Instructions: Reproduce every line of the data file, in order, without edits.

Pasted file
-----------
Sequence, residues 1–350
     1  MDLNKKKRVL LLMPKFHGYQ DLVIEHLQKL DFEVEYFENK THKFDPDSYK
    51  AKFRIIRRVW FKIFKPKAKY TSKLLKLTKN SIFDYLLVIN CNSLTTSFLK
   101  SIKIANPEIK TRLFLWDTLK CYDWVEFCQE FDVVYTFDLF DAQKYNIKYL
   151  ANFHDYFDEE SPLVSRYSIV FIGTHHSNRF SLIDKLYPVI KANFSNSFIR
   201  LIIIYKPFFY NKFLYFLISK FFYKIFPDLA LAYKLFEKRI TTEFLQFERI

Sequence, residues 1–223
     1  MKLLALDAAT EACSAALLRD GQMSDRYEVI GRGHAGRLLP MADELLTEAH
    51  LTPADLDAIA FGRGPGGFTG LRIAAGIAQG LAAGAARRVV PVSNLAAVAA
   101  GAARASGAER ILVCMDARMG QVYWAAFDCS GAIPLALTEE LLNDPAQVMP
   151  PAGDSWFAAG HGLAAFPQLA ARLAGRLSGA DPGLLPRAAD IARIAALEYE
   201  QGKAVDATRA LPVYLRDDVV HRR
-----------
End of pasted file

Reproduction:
Sequence, residues 1–350
     1  MDLNKKKRVL LLMPKFHGYQ DLVIEHLQKL DFEVEYFENK THKFDPDSYK
    51  AKFRIIRRVW FKIFKPKAKY TSKLLKLTKN SIFDYLLVIN CNSLTTSFLK
   101  SIKIANPEIK TRLFLWDTLK CYDWVEFCQE FDVVYTFDLF DAQKYNIKYL
   151  ANFHDYFDEE SPLVSRYSIV FIGTHHSNRF SLIDKLYPVI KANFSNSFIR
   201  LIIIYKPFFY NKFLYFLISK FFYKIFPDLA LAYKLFEKRI TTEFLQFERI

Sequence, residues 1–223
     1  MKLLALDAAT EACSAALLRD GQMSDRYEVI GRGHAGRLLP MADELLTEAH
    51  LTPADLDAIA FGRGPGGFTG LRIAAGIAQG LAAGAARRVV PVSNLAAVAA
   101  GAARASGAER ILVCMDARMG QVYWAAFDCS GAIPLALTEE LLNDPAQVMP
   151  PAGDSWFAAG HGLAAFPQLA ARLAGRLSGA DPGLLPRAAD IARIAALEYE
   201  QGKAVDATRA LPVYLRDDVV HRR